\$\begingroup\$

Be mindful of endianess, and also, some systems are UYUV instead of YUVU.

Sometimes it just takes some trial and error if your docs aren't very good :-(. For myself, the following ordering of YUYV worked great with the rest of the code:

int u0 = *yuv_in++ - 128;
int y0 = *yuv_in++ - 16;
int v = *yuv_in++ - 128;
int y2 = *yuv_in++ - 16;
\$\endgroup\$
2
\$\begingroup\$
const int STANDARD_SIZE = 1036800;

Don't use all-caps for identifiers; the convention is that we reserve that for macros. Macros need extra attention: being text substition, they don't obey the rules of scope or precedence.

#define CLAMP(t) (((t)>255)?255:(((t)<0)?0:(t)))

Simpler to use std::clamp() here. And no reason to be a macro rather than an (inlineable) function.

#define GET_R_FROM_YUV(y, u, v) ((298*y+409*v+128)>>8)
#define GET_G_FROM_YUV(y, u, v) ((298*y-100*u-208*v+128)>>8)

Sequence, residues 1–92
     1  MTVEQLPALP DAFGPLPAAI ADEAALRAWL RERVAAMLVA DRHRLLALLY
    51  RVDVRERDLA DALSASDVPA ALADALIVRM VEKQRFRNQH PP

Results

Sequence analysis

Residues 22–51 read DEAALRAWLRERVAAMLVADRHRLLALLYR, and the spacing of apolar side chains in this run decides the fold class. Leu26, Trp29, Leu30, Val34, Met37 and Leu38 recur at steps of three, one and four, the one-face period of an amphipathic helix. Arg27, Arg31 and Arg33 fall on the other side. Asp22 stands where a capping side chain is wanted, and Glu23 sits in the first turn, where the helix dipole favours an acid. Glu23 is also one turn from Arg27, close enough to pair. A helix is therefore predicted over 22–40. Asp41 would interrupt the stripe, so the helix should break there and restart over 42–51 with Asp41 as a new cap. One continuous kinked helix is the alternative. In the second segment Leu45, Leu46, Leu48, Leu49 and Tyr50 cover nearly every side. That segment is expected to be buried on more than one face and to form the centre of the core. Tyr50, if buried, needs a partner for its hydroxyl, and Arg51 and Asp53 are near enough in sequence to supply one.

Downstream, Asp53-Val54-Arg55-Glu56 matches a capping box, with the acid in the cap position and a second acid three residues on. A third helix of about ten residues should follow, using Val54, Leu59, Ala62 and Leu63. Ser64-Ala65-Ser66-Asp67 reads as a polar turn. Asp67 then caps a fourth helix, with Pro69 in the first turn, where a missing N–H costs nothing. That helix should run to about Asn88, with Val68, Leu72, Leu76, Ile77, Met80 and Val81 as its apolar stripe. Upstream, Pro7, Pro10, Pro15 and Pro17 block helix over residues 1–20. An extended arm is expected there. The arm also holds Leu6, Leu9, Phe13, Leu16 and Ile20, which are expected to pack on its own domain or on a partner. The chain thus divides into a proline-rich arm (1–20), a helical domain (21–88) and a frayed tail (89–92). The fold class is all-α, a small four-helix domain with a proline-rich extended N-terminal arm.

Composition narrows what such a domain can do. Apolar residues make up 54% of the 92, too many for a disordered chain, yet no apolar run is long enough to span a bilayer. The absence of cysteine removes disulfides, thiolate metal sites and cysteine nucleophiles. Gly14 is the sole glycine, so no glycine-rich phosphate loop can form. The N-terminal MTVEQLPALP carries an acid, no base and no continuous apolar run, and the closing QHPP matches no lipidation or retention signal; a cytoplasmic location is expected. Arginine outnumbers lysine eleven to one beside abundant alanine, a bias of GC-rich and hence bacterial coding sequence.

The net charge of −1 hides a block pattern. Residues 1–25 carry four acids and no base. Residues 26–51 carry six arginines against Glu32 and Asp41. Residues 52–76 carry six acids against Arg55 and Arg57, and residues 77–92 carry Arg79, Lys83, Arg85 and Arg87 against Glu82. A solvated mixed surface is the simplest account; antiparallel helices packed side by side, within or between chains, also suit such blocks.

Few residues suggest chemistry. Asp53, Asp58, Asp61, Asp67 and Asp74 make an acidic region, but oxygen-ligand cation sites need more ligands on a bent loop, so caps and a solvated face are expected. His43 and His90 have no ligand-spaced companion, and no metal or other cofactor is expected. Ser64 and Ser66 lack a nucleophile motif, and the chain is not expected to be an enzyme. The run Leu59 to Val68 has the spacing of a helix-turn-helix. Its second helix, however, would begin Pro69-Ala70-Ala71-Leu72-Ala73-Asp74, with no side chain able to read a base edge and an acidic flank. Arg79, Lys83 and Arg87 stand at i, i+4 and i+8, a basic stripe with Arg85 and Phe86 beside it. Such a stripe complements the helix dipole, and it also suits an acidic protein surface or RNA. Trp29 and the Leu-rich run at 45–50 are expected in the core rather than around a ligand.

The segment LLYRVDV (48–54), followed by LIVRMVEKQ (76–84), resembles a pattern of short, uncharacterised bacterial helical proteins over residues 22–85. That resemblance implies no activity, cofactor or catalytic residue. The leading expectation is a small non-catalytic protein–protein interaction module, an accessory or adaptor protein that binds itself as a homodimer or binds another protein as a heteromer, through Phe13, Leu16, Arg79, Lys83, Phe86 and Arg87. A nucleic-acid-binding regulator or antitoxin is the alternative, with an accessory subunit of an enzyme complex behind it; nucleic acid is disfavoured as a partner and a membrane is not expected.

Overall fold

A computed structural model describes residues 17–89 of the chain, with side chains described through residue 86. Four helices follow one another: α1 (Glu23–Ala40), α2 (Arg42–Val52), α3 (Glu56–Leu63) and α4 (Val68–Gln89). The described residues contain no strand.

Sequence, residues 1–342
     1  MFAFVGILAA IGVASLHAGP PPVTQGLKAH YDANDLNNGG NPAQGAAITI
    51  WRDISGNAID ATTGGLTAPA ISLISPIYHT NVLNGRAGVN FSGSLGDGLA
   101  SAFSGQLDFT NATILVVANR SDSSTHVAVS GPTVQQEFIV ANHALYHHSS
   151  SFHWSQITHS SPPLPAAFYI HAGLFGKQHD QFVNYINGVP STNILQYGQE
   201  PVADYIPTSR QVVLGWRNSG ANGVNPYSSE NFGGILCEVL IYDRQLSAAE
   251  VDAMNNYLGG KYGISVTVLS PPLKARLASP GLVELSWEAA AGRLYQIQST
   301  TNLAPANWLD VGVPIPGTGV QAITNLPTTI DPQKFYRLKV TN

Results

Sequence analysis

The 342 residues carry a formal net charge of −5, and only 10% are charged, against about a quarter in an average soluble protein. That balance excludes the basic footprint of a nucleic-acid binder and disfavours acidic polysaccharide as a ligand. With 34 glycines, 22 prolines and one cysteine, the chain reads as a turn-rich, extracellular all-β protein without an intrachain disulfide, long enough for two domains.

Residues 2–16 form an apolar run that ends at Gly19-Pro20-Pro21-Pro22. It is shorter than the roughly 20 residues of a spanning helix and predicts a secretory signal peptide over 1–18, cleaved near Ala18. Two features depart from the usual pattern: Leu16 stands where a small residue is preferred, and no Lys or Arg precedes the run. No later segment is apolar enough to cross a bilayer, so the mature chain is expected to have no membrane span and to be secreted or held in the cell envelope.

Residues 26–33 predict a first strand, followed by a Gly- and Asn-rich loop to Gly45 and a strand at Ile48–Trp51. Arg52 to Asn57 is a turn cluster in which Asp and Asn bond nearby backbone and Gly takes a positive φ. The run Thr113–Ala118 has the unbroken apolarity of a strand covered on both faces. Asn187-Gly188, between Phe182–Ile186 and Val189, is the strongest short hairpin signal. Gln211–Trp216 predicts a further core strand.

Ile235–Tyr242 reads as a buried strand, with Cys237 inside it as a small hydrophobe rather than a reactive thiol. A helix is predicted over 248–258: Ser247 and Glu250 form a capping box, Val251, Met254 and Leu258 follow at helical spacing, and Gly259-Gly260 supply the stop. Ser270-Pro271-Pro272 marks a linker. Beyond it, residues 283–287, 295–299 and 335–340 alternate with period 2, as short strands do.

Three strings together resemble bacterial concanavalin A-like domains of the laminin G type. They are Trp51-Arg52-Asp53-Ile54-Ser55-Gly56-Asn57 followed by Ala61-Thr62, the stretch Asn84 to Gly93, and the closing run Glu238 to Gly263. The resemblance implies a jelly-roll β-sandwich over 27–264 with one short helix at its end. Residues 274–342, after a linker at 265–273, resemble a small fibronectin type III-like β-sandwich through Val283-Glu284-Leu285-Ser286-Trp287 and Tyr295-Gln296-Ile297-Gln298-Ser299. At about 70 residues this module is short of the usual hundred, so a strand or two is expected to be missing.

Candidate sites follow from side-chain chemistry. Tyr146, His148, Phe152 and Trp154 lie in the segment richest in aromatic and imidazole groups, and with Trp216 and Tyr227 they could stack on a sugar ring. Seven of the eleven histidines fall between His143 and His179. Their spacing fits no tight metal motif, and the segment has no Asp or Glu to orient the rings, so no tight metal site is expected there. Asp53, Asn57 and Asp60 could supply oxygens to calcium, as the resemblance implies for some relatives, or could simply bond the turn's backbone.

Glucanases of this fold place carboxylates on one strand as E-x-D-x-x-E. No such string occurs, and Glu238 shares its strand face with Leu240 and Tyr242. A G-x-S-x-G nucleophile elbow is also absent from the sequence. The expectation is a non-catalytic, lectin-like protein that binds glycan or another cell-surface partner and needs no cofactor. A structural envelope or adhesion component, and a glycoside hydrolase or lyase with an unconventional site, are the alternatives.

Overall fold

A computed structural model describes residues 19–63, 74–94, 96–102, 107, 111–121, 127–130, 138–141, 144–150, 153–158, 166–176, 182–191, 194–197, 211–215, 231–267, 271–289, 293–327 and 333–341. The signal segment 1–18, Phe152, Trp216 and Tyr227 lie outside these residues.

#define GET_B_FROM_YUV(y, u, v) ((298*y+516*u+128)>>8)

These should all be functions too, and it's probably easier to clamp them at this point rather than at the call sites. Also, we could reorder the expressions to put the offset of 128 first, to allow the compiler to extract the common subexpression 128+298*y. Also, right shift isn't defined for negative values, so use division instead and/or clamp before shifting.

for (unsigned int i = 0; i < STANDARD_SIZE; ++i)

Why is i unsigned, and being compared with a (signed) int?

Instead of introducing a new variable, consider using one of the existing variables (s or d) to count the loop. Perhaps